Gallbladder surgery used to be associated with older people. It was explained away by saying that (over time) the gallbladder just quit doing what it’s supposed to do and it became a problem. Since it is not a critical component (you can live without it) the easy fix is to remove it. While it is true that you can live without a gallbladder, that doesn’t change the fact that it serves a very important purpose.
Today, the number of young people having gallbladder surgery is alarming. In fact, it is reported that the removal of the gallbladder is “the number one surgery in young women today”. Sadly, the people that I’ve talked to about having surgery at a young age just shrug their shoulders and say “it’s just a gallbladder”. Apparently, we’ve led them to believe that they have spare parts while we should be giving them a biology lesson on the importance of the gallbladder right along with steps that they can take to nurse their YOUNG gallbladder back into a healthy state.
Most people in the US undergo a surgery at the onset of gallbladder problems because they are eager to get rid of the unbearable pain, bloating, nausea and diarrhea. THAT’S certainly understandable BUT do they get rid of the symptoms for good? Although almost 60% of the people don’t face any serious symptoms post-surgery, many are not so lucky and they face various symptoms in the long run. Here are just a few:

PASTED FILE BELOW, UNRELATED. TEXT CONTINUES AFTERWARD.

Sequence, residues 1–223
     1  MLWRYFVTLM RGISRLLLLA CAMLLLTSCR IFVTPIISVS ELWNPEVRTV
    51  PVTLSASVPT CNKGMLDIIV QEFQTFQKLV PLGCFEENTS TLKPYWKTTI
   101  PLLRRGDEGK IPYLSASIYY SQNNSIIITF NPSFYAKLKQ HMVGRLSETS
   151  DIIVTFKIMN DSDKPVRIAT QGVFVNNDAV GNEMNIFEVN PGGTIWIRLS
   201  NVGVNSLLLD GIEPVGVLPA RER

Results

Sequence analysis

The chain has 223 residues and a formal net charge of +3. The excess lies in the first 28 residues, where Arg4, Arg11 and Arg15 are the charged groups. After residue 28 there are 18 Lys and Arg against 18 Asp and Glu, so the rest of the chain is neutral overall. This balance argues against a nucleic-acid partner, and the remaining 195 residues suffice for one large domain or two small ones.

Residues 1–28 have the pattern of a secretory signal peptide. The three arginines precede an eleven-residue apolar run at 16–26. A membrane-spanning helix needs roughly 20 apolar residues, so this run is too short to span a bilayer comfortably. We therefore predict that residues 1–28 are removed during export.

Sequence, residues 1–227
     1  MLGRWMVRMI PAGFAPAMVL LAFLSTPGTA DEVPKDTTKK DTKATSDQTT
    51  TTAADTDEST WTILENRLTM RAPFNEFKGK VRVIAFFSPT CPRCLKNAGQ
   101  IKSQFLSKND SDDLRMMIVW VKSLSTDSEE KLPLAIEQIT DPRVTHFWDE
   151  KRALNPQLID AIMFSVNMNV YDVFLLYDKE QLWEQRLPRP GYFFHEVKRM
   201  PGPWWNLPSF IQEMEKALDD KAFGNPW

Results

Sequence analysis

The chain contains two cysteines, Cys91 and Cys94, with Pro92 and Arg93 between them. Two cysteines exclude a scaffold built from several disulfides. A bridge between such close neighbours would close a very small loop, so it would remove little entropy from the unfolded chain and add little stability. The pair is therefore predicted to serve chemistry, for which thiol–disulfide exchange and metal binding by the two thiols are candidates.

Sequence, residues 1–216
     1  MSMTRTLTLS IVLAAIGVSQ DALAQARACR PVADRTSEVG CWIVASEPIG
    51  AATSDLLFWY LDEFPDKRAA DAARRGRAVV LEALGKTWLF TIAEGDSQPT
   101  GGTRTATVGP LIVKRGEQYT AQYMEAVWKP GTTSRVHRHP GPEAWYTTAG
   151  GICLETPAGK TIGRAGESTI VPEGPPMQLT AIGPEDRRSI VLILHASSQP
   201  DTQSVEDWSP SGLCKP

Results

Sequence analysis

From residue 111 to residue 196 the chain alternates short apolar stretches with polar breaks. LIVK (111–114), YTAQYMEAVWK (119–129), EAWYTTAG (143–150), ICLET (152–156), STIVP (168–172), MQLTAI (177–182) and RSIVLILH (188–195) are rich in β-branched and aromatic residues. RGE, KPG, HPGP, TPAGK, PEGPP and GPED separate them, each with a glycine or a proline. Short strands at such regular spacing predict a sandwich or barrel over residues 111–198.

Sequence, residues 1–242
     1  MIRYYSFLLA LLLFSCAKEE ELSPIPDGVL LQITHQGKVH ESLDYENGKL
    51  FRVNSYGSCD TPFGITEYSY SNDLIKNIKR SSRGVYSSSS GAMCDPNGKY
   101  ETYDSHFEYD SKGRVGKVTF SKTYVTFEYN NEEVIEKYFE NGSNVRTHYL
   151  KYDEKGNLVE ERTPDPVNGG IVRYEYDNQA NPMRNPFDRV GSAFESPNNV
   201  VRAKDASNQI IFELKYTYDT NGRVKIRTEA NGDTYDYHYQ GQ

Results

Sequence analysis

Irritable Bowel Syndrome
Even after gallbladder removal, the liver continues to produce bile in order to digest the fats. However, due to the absence of the gallbladder, which earlier stored bile, the bile released from the liver has no storage place to go (there goes that spare part again). So the bile is readily dumped into the intestine and digestion takes place. However, even when the person hasn’t eaten anything, bile will continue to flow into the intestines and irritate it. In the long run, this can lead to colon cancer.
Some people simply can’t digest the added fat that is dumped into the intestine in the absence of the gallbladder. Because the bile secreted from the liver has no place to get collected and gets dumped into the intestines (dumping syndrome), it also results in diarrhea. The person gets stuck with chronic diarrhea and must adhere to very strict dietary guiltiness. This chronic diarrhea may go on for months or even years. For some, it never goes away.
The liver produces less bile after gallbladder removal, which is thick and sluggish and leads to pain and gallstones formation. Some people develop gallstones after removal of the gallbladder.
For some people, undergoing gallbladder surgery is inevitable. However, it is believed (throughout the health and wellness community) that over 70% of patients could avoid gallbladder surgery by opting for natural remedies. Unfortunately, we live in a disposable society and most people have their gallbladder removed without seriously considering the natural options available. I encourage you (and the young people in your life) to carefully consider a holistic approach to treating gallbladder “issues” before rushing out to discard of this organ that was clearly designed to be a part of a healthy functioning body. Nope, we weren’t born with spare parts.
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